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K nearest Neighbours

K nearest Neighbours

Laxmi K Soni

9-Minute Read

K nearest Neighbours

If there are several groups of labeled samples and the items present in the groups are homogeneous in nature. Now, assume that we have an unlabeled example which needs to be classified into one of those several labeled groups. How do we do that? Using kNN Algorithm. k nearest neighbors is an algorithm that knows all the available cases and classify the new cases by a majority vote of its k neighbors. This algorithms segregates unlabeled data points into well defined groups. KNN classifies a categorical value using the majority votes of nearest neighbors.


The input to a KNN classifier can be both quantitative and qualitative. The output from a KNN classifer are categorical values which typically are the class of the data.

Distance metric

A distance metric is used to define proximity between ant two data points. The examples are Euclidean distance, Manhattan distance or Hamming distance.

The Euclidean distance is used to be applied to categorical data.

Manhattan distance is used over the Euclidean distance when there is high dimensionality in the data. Manhattan distance (or block distance) is appropriate when we have a discrete data set and the Euclidean distance is appropriate when we have continuous numerical variables.

Both Euclidean and Manhattan distances are used in case of discrete/continuous variables, whereas hamming distance is used in case of categorical variable.


Let us assume that we have a blind tasting experience, in which we need to classify what food we tasted as fruit, protein, or vegetable. Suppose that prior to eating the mystery item, we created a taste dataset in which we recorded two features of each ingredient: A measure from 1 to 10 on how crunchy the food is and second a score from 1 to 10 of how sweet the ingredient tastes. Then we labeled each ingredient as one of the three types of food: fruits,vegetables or proteins. We could have a table such as:

import pandas as pd
ingredient = ['apple', 'bacon', 'banana', 'carrot', 'celery', 'cheese','grape','green bean','nuts','orange']
sweetness = [10,1,10,7,3,1,8,3,3,7]
crunchiness = [9,4,1,10,10,1,5,7,6,3]
food_type = ['fruit','protein','fruit','vegetable','vegetable','protein','fruit','vegetable','protein','fruit']
df = pd.DataFrame(list(zip(ingredient,sweetness,crunchiness,food_type)), columns =['ingredient', 'sweetness','crunchiness','food_type'])
##    ingredient  sweetness  crunchiness  food_type
## 0       apple         10            9      fruit
## 1       bacon          1            4    protein
## 2      banana         10            1      fruit
## 3      carrot          7           10  vegetable
## 4      celery          3           10  vegetable
## 5      cheese          1            1    protein
## 6       grape          8            5      fruit
## 7  green bean          3            7  vegetable
## 8        nuts          3            6    protein
## 9      orange          7            3      fruit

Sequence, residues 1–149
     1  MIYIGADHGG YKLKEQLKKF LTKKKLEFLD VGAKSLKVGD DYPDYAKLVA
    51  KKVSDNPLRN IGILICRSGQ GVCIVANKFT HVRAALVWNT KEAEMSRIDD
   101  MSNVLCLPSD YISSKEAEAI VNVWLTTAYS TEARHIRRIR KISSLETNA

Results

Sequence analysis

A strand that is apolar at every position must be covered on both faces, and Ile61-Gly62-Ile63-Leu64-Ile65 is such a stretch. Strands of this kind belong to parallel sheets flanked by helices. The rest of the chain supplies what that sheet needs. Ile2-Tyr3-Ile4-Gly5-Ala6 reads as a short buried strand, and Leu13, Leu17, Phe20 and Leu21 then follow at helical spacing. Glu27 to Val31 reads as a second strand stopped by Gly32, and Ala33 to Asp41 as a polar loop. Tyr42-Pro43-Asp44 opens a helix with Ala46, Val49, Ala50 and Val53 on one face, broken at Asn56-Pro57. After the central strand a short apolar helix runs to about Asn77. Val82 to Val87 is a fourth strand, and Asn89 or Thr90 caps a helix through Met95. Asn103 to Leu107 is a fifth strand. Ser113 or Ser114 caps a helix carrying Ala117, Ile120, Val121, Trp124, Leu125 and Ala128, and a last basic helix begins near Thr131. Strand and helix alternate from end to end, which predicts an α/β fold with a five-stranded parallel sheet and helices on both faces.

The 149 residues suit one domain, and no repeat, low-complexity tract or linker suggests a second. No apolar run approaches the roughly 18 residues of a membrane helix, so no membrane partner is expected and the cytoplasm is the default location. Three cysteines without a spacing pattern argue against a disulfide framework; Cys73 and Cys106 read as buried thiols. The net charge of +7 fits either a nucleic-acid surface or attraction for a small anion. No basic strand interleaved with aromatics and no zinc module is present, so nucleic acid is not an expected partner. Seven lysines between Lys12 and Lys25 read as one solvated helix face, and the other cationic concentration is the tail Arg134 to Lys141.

The kNN algorithm treats the features as coordinates in a multidimensional feature space. As our dataset includes only two features, the feature space is 2 dimensional, with the x dimension indicating the ingredient sweetness and the y dimension indicating the crunchiness.

import matplotlib.pyplot as plt
x = sweetness
y = crunchiness
labs = food_type
plt.scatter(x, y)
for i, txt in enumerate(labs):
    plt.annotate(txt, (x[i]+.25, y[i]), fontsize=12)

Similar types of food tend to be grouped closely together.As illustrated in the next figure, vegetables tend to be crunchy but not sweet, fruits tend to be sweet and either crunchy or not crunchy, while proteins tend to be neither crunchy nor sweet

Suppose that after constructing this dataset we need to find if tomato a fruit or a vegetable. We can use a nearest neighbor approach to determine which class is a better fit as shown in the following figure:

Calculating distance:

Locating an object nearest neighbors requires a distance function or a formula that will measure the similarity between two instances. Traditionally the kNN algorithm uses the Euclidian distance. Euclidian distance is specified by the following formula, where p and q are instances to be compared, each having n features

The term p1 refers to the value of the first feature in p, while q1 refers to the first feature of q.

\[dist (p, q) = √(𝑝1 βˆ’ π‘ž1)^2 + (𝑝2 βˆ’ π‘ž2)^2 + β‹― (𝑝^ n βˆ’ π‘ž^𝑛)\]

The distance formula involves comparing the values of each feature. For example, to calculate the distance between the tomato (sweetness = 6, crunchiness = 4), and the green bean (sweetness = 3, crunchiness = 7), we can use the formula as follows:

\[dist(tomato, green bean) = \sqrt(6-3)^2 + (4βˆ’7)^2 = 4.2\]

In a similar vein, we can calculate the distance between the tomato and several of its closest neighbors as follows:

ingradient sweetness crunchness food type distanct to the tomato
grape 8 5 fruit \[\sqrt((6 - 8)^2 + (4 - 5)^2) = 2.2 \]
green bean 3 7 vegetable \[\sqrt((6 - 3)^2 + (4 - 7)^2) = 4.2 \]
nuts 3 6 protein \[\sqrt((6 - 3)^2 + (4 - 6)^2) = 3.6 \]
orange 7 3 fruit \[\sqrt((6 - 7)^2 + (4 - 3)^2) = 1.4 \]

To classify the tomato as vegetable, fruit or protein, we’ll begin by assigning the tomato the food type of its single nearest neighbor. This is called 1NN because k =1. The orange is the nearest neighbor to the tomato, with a distance of 1.4. As orange is a fruit, the 1NN algorithm would classify tomato as a fruit. If we use the kNN algorithm with k=3 instead, it performs a vote among the three nearest neighbors: orange, grape, and nuts.